The fictional characters your children should grow up with

 Today – The fictional characters your children should grow up with.

The stories you grew up with play a prominent role in your values and ethics and are part of the education that shapes you into an adult later on. You shouldn’t disregard their impact and importance, as thinking about them more closely will show exactly how important they are. If you have children of your own, it is now time for them to find their favorite stories as well and grow side-by-side with a new cast of characters that can make them feel at home. If you’re wondering which are some of the fictional heroes your children should join in their adventures, here’s a list of some of them you can consider introducing to your kid.





The fictional characters your children should grow up with


Miffy was created in the 1950s by Dutch author and illustrator Dick Bruna and has been popular with people from all over the world ever since. While her appeal to preschool-aged children is second to none due to her simple and cute design, there are many people who remained lifelong fans after learning about Miffy during their childhood days. For many people, the character has become an embodiment of childhood joy and happiness, so grown-ups feel somewhat comforted to have such a character by their side as they navigate the difficulties of adult life. There are over thirty Miffy books out there and over 100 picture books.

They are an accessible read for young children as each book only contains twelve pages. Every single page includes illustrations and only four lines of verse, with the themes being easily accessible for children. There’s always a happy ending, so there’s no need to worry about coming across stories that could make your child sad or upset. Miffy’s stories are a great way to get your children to enjoy reading, as stories that are difficult or convoluted can actually be off-putting for them. If you want to build a collection of themed items, you can check Miffytown to discover corduroy plushies, blind box collectibles, tote bags and handmade toys.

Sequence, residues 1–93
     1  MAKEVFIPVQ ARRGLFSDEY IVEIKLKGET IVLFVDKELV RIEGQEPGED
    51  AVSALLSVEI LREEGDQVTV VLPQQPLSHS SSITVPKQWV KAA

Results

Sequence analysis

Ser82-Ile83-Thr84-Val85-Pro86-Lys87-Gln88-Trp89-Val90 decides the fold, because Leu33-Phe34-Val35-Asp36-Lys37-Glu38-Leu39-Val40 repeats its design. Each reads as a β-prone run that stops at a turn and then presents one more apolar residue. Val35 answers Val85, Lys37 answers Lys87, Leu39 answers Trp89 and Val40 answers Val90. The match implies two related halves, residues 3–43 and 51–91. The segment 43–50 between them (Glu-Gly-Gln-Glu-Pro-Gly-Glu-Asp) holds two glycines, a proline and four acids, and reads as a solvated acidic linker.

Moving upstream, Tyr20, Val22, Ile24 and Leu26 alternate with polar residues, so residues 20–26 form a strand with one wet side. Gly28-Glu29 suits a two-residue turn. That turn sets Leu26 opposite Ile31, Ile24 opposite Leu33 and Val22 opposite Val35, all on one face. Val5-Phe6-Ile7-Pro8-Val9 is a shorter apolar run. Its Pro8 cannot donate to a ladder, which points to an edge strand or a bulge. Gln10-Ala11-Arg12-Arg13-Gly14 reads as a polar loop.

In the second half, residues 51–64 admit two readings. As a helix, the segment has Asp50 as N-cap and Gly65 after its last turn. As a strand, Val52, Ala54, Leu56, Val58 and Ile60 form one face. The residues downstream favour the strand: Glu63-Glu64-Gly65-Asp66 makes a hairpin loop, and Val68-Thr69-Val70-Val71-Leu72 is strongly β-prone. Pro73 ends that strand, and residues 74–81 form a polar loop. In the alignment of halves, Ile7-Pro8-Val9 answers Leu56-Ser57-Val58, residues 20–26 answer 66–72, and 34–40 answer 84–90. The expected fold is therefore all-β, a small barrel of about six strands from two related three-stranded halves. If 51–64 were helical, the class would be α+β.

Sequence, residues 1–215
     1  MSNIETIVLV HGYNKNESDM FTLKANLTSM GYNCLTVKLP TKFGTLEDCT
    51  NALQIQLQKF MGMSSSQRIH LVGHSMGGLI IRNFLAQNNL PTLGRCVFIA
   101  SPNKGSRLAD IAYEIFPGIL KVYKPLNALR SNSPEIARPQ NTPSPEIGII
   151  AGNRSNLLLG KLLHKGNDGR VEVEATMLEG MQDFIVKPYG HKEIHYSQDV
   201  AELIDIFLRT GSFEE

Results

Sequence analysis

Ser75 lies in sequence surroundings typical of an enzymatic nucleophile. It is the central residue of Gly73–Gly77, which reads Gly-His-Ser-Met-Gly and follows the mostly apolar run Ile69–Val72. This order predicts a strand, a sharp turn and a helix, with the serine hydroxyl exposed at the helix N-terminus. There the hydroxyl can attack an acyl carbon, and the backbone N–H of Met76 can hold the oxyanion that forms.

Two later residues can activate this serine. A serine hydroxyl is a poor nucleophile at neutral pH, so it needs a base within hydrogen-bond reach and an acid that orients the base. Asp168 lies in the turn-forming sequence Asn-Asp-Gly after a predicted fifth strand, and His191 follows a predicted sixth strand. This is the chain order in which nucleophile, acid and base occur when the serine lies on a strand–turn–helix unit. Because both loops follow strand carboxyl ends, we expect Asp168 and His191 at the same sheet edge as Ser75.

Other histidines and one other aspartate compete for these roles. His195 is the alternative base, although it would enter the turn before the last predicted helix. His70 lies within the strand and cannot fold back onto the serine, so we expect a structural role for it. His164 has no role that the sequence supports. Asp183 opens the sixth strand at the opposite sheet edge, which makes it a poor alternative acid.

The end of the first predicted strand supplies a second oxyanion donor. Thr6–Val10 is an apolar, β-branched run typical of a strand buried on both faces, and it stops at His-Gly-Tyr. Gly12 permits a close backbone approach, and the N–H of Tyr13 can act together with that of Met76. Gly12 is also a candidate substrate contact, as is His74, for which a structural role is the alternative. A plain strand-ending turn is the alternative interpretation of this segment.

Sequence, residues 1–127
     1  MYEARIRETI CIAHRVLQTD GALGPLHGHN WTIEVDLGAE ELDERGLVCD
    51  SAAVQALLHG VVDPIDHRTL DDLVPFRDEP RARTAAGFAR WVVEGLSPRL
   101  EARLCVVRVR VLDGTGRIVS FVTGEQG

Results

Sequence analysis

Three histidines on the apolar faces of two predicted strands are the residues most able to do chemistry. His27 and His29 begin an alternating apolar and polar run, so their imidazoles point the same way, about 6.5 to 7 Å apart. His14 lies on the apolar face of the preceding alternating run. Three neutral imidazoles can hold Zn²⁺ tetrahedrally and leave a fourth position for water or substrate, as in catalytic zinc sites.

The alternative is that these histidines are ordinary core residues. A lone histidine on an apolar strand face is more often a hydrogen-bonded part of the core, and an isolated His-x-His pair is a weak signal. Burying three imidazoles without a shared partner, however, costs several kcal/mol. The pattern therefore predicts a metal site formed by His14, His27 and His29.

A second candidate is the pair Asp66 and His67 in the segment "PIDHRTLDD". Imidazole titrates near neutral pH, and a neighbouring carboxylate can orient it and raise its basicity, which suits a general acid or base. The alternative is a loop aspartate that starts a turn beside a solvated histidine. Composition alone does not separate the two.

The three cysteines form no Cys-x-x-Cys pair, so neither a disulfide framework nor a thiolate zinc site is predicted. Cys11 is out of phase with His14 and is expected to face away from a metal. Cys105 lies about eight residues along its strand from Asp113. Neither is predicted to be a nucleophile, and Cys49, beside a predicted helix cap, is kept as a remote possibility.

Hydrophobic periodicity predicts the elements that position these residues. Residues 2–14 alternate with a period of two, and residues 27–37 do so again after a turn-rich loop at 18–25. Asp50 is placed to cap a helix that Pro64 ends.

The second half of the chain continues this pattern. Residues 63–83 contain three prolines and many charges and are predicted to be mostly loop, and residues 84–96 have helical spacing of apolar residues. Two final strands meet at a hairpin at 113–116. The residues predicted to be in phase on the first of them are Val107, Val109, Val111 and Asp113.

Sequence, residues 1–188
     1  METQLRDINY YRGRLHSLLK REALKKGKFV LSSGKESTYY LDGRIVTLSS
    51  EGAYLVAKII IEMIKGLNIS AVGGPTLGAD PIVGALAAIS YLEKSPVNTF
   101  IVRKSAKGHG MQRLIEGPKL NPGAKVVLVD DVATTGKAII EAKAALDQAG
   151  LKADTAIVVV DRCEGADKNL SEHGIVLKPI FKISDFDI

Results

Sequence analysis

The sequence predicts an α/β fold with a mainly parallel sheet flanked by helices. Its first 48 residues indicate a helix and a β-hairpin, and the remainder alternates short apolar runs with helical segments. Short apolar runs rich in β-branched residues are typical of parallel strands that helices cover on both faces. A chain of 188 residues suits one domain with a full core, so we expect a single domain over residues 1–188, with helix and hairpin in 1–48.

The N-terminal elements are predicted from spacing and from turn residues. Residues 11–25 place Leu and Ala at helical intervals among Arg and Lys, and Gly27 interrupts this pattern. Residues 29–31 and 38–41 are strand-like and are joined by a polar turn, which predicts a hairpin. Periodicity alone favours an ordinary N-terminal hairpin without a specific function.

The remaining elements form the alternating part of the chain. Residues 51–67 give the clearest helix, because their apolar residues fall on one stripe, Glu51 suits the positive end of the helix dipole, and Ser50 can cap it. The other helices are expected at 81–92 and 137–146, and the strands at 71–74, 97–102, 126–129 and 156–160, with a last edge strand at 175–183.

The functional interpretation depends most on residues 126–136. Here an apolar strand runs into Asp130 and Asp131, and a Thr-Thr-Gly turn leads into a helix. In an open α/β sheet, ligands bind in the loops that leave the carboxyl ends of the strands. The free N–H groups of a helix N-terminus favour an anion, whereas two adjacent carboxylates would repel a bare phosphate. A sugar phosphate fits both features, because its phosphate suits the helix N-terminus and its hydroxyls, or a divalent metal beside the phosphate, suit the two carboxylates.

Tom and Jerry 

Another series with a long history, this beloved classic has not lost its appeal despite being released well over eighty years ago. It remains just as funny and engaging to this day, and since the dialogue is very sparse, there is no risk of younger children getting bored or not understanding the plot. The episodes follow the shenanigans of the two main characters, with the house cat Tom trying (and mostly failing) to catch Jerry, the mouse. Although the series has been criticized sometimes for its violent content, there are no actual blood or intense scenes being shown, as the ways in which Tom and Jerry try to defeat each other are portrayed in an exaggerated, humorous manner.

When cartoons are aired nowadays, gags that are believed to be offensive or outdated are censored, and the newer episodes that were created and produced more recently are devoid of these concerns.

Winnie the Pooh